Property by Tube have created a great take on the Harry Beck map of the London Underground by George Swinton

Whether you’re looking for a property to settle down in or a home that doubles as an investment that can be resold to capitalise on market changes, this piece of research might help.

Using the iconic London tube map designed by Harry Beck in 1931, have looked into recent property sales to show prices per square foot around London’s tube stations, making it very easy to compare locations and at the same time see their connectivity across the capital.

Harry Beck was an engineering draughtsman working at the London Underground Signals Office when he first penned the design, knowing that being underground, travellers were not interested in the accuracy of the landscape above. What mattered most was clarity and simplicity so they could easily see the route they needed. Drawing on his own experience of electrical circuits Beck’s design was radical and was only tentatively introduced by the London Underground in 1933. Customers loved it and the design, though modified, has remained in constant use ever since.
While the area around Borough tube station achieves an impressive £899 per square foot, just yards along Newington Causeway at the Elephant and Castle, the average price is just £672. With massive regeneration going on in that area, that price is likely to soar over the coming years. London Bridge, Southwark and Lambeth North are all similarly priced at a little over £890 per square foot.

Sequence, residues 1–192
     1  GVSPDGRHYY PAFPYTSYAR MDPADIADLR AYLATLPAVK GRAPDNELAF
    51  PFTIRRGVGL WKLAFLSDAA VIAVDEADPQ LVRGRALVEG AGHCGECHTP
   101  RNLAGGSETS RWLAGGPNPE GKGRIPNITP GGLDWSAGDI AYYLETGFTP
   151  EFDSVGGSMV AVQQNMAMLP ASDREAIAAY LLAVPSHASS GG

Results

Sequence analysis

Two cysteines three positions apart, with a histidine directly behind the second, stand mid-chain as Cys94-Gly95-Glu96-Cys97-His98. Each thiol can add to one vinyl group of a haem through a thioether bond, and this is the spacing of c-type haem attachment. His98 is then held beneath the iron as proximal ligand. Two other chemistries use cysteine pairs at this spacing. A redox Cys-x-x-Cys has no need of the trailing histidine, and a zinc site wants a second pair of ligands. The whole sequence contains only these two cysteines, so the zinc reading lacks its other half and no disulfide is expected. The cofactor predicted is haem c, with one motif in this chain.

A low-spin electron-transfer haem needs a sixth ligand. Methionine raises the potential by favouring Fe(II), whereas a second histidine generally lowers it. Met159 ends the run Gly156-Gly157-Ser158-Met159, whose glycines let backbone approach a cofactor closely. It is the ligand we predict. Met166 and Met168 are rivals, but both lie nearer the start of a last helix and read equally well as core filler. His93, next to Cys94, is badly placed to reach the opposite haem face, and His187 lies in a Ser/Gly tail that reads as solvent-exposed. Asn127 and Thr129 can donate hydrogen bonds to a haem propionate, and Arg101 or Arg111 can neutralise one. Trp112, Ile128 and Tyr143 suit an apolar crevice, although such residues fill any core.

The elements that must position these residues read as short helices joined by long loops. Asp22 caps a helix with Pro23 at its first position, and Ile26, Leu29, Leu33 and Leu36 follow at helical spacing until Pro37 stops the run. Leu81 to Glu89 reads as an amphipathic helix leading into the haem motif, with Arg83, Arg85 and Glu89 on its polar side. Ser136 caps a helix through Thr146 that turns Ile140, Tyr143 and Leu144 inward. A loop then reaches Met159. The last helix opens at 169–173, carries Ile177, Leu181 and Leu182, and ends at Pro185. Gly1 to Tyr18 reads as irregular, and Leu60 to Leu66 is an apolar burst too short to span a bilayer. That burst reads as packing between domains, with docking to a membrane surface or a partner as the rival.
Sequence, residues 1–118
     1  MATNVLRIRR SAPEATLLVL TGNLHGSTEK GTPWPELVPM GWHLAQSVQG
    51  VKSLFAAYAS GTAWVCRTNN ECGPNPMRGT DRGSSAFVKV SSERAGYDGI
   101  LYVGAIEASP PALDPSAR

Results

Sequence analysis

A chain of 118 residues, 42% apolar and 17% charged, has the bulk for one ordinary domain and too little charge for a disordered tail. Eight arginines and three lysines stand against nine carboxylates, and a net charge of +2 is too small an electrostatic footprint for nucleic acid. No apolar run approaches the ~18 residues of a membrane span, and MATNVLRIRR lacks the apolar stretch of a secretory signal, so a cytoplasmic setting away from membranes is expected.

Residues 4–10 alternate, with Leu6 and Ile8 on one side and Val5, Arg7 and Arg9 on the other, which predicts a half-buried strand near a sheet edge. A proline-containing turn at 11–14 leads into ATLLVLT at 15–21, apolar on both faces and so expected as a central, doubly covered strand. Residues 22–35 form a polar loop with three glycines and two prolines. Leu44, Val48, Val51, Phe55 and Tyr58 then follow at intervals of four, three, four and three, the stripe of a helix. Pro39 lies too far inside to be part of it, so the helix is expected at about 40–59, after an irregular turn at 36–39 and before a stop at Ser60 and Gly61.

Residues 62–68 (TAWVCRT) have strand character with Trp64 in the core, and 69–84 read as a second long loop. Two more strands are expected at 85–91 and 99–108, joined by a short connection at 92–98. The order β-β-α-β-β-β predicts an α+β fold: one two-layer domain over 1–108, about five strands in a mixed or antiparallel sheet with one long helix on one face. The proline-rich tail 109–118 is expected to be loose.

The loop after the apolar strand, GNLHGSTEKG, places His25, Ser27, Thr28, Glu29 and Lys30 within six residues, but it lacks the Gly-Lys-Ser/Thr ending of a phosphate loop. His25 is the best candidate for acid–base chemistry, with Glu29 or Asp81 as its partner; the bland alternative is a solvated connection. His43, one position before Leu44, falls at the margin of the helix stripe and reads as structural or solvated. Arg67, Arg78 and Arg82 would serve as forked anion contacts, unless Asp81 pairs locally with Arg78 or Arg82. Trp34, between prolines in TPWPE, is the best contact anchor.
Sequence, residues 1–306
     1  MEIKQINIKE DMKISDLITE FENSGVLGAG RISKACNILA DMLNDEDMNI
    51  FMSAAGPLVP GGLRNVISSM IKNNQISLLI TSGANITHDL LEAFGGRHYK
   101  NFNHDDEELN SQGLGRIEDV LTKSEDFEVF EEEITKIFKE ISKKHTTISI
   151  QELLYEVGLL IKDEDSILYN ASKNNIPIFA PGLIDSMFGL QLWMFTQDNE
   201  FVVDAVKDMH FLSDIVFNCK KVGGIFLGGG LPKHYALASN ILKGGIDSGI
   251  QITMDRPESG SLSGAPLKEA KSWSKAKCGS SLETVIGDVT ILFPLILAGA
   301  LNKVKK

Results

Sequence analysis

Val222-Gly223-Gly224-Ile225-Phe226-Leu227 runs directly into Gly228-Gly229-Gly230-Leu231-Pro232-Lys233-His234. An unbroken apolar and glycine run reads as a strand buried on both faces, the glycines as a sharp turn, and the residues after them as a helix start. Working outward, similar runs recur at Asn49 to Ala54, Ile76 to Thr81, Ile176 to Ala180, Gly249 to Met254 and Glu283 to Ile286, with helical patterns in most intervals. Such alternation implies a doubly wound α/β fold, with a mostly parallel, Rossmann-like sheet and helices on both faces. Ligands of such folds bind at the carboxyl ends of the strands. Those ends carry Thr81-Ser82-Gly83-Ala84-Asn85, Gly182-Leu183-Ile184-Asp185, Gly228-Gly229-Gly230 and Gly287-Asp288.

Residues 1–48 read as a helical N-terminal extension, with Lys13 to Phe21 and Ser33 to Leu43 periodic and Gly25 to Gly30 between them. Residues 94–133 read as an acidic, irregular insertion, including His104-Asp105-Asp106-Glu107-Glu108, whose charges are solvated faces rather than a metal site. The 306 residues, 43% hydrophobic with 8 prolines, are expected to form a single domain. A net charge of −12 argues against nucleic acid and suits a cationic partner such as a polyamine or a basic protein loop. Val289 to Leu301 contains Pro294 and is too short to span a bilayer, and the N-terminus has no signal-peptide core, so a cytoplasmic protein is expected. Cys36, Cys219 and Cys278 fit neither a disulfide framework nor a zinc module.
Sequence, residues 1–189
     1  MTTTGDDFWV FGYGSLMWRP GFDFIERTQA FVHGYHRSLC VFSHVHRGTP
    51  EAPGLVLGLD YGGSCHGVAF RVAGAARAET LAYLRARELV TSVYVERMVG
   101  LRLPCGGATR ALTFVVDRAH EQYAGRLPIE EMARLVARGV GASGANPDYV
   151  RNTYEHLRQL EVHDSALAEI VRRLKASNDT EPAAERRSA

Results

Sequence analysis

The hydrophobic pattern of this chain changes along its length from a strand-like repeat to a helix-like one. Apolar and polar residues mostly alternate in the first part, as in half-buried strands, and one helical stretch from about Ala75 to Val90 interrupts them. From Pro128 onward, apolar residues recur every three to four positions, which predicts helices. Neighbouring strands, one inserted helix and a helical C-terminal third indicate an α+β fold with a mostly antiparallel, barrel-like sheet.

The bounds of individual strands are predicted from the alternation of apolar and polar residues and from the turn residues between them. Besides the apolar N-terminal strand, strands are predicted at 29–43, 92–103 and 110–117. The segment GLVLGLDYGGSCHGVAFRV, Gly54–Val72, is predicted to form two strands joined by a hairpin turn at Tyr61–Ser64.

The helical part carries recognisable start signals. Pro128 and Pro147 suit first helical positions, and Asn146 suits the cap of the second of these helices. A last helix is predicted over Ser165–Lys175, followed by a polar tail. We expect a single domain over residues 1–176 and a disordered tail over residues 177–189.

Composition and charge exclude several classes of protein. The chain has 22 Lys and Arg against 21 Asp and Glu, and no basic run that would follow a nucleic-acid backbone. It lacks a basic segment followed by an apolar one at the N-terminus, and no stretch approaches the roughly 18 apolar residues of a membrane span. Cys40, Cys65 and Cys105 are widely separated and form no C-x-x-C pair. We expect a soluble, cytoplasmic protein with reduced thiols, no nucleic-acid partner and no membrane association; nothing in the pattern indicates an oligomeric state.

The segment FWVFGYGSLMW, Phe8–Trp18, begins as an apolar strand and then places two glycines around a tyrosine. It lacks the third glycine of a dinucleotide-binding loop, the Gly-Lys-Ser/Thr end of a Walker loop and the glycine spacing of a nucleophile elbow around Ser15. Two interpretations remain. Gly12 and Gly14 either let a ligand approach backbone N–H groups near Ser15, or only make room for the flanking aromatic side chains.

Vauxhall is surprisingly well-priced at £731, only marginally more expensive than Bermondsey at £703. Another place of interest and offering exceptional value for money is Canada Water (with Surrey Quays retail shopping and regeneration nearby – and lots of river views) at just £625.

On the north side of the river prices dramatically rise by £100 per square foot in the east and towards the west end rising by £300 to £400.

The research also highlighted some other interesting views of the property market as seen from the graphic.

The tube line with the most expensive average property price, at £1,125 per square foot, is the Hammersmith and City line. This line runs through pricey West London areas such as Westbourne Park and Ladbroke Grove, as well as through areas of the square mile such as Farringdon and Liverpool Street.

The line with the cheapest average property price is the Metropolitan Line – just £504 per square foot. While this line goes right into London’s financial centre, it also stretches out to Amersham in Zone 9, which is actually in Buckinghamshire and so doesn’t suffer from the higher London property prices.

“the tube line with the most expensive average property price, at £1,125 per square foot, is the Hammersmith and City line

Asked to comment on the continued popularity of the local area Eddi Matthiasson, of Williams Lynch Estate Agents, said “With our office on Bermondsey Street we enjoy being in the middle of one of London’s most sought after areas which is also seeing tremendous redevelopment. It’s a magical cocktail when it comes to buying, selling or renting property.

“We’ve seen the increase of both UK based and foreign investment due to the blend of old and new residential properties and the fusion of residential and commercial which makes it a lively, buzzing place to live. Perhaps even more importantly, with the redevelopment of London Bridge, this is likely to continue.”

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